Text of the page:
Science Friday

Science, technology, environment and health news and discussion with host Ira Flatow.


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Friday, May 30, 2014 Permalink

Science Friday: Touch, Laser Blasts, And Why Songs Get Stuck In Our Heads

Nerve cells are the communication link between the physical world and our brain. Reporting in Neuron, researchers describe neurons that may play a role in how we understand even the subtlest social interactions. Neuroscientist Francis McGlone describes this set of nerves and how it might affect our social development.
Stem cells are found throughout the body, including the brain, heart, skin, and bones. Although scientists still haven't pinpointed the exact role they play in maintaining, and possibly regenerating, our tissues and organs, one team recently switched on that healing process—by zapping dental stem cells with low-powered lasers. Reporting this week in the journal Science Translational Medicine, Harvard bioengineer Dave Mooney and his colleagues describe how laser light stimulated dental stem cells to produce dentin, the hard stuff underneath tooth enamel, in live rats and human in vitro cultures.
Certain tunes are more than just appealing—they seem to get “stuck” in our minds. Song fragments that we can’t stop humming are called “earworms.” Musical psychologist Elizabeth Margulis describes what might cause these tenacious tunes and why repetition in music is so catchy. (For more on earworms, check out this SciFri article.)
A recent study projects that by 2030, pancreatic cancer will become the second most deadly type of cancer in the U.S. after lung cancer. Otis Brawley, chief medical officer of the American Cancer Society, describes what’s known about this notoriously fast-spreading, yet slow-to-detect cancer, and whether new avenues of research, including genetic testing, may offer hope against the disease.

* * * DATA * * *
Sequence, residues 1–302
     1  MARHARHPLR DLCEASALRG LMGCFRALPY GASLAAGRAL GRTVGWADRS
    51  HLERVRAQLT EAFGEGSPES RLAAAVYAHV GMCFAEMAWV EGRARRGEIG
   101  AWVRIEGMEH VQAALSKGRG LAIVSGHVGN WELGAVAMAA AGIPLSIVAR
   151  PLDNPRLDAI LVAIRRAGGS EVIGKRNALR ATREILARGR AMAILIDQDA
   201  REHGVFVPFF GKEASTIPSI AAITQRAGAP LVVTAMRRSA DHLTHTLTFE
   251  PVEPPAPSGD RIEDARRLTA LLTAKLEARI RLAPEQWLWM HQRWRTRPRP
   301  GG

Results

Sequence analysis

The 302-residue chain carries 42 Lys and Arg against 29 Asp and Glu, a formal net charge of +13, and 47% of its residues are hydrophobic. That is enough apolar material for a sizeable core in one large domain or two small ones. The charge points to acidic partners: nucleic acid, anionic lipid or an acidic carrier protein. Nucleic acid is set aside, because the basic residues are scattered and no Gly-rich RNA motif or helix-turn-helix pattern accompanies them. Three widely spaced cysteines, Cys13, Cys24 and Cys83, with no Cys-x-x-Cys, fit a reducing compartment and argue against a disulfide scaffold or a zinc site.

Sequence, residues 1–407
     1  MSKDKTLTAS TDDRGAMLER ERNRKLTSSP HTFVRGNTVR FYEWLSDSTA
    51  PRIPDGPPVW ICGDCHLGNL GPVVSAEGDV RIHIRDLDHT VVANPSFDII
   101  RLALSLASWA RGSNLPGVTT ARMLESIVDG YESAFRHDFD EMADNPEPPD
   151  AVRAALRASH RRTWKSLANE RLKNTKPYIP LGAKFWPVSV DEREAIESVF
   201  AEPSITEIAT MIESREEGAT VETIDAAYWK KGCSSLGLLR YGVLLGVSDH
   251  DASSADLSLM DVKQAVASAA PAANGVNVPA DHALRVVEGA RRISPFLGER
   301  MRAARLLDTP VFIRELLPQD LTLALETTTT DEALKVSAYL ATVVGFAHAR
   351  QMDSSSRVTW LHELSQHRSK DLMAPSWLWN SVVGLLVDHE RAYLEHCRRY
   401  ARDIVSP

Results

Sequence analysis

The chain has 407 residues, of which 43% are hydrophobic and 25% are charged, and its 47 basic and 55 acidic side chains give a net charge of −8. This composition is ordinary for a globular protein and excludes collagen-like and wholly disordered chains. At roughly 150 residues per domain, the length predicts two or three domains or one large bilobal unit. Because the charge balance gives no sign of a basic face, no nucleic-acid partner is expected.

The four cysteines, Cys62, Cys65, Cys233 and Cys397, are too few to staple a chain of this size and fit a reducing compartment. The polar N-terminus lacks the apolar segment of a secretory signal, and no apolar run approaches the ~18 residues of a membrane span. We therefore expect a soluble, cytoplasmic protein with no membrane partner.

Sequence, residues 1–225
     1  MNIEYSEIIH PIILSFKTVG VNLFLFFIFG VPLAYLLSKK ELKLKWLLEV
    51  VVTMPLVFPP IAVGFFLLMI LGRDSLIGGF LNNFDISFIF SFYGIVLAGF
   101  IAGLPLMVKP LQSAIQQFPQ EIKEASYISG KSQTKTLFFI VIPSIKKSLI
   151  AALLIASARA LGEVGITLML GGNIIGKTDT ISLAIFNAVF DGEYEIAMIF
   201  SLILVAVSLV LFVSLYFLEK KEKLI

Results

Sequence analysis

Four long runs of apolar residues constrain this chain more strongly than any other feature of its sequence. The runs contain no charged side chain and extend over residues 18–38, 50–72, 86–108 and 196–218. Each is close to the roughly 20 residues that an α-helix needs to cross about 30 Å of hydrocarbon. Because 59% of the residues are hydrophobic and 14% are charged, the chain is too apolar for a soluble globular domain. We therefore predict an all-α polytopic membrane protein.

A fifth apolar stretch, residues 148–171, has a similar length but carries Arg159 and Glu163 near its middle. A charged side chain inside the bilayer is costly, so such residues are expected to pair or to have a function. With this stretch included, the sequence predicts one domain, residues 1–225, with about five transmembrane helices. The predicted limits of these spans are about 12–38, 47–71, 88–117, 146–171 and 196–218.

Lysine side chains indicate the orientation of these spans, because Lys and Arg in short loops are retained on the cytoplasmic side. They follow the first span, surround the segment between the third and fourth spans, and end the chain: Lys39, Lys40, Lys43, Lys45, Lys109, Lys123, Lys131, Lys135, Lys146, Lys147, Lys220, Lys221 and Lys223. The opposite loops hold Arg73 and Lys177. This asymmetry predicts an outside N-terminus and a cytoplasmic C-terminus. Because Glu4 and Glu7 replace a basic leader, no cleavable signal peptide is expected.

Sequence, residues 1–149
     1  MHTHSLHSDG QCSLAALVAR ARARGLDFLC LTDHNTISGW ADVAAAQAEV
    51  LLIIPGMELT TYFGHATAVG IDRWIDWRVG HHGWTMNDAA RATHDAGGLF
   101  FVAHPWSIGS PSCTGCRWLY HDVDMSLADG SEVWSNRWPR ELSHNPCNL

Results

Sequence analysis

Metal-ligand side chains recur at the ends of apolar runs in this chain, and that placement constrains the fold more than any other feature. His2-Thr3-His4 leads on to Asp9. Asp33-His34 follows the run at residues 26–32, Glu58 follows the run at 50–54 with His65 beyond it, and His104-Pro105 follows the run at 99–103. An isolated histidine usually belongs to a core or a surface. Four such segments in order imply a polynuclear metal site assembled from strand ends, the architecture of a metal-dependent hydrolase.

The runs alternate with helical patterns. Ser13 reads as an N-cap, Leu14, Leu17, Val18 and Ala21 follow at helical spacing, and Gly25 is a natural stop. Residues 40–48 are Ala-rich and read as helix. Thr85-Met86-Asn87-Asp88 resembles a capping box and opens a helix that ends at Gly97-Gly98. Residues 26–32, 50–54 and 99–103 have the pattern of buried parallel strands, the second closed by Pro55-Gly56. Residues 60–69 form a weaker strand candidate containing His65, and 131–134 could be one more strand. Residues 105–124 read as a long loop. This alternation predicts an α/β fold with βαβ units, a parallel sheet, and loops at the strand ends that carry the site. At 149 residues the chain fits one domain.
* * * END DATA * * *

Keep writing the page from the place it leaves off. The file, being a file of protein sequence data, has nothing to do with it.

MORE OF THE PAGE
Nearly all the body's cells contain identical DNA. So why does a neuron grow up so differently than a liver cell? Proteins are the key, says Akhilesh Pandey, a professor at the Johns Hopkins University. This week, two papers in Nature(one by Pandey's team) catalog where in the body certain proteins are found. But what matters isn’t just where proteins show up—it's how they twist and fold, says David Pincus, a fellow at MIT's Whitehead Institute. Protein misfolding, for example, is a hallmark of neurodegenerative disease.
Nearly three months ago, a Malaysia Airlines flight lost contact with air traffic control and has yet to been found. Airline industry analyst Robert Mann discusses how an airplane could go missing and what standards could be put in place to prevent it from happening again.
In her new book, Me, Myself, and Why, science writer Jennifer Ouellette tackles one of the Big Questions: What makes “me” me? For Ouellette, probing the science of self meant taking personality tests, having her brain scanned and her genome sequenced—even dropping acid. She explains what she learned. (Read an excerpt from her book here.)